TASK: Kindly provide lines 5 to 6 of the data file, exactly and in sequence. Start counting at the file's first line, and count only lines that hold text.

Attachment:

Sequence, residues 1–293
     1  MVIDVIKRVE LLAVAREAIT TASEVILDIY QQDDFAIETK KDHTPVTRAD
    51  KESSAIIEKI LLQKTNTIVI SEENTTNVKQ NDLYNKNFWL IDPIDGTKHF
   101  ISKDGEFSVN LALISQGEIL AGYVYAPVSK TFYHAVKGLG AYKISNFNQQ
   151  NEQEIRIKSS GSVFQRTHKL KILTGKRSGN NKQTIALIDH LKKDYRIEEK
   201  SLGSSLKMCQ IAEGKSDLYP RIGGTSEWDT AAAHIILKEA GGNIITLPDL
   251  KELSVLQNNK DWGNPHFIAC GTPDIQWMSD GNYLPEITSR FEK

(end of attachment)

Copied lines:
   151  NEQEIRIKSS GSVFQRTHKL KILTGKRSGN NKQTIALIDH LKKDYRIEEK
   201  SLGSSLKMCQ IAEGKSDLYP RIGGTSEWDT AAAHIILKEA GGNIITLPDL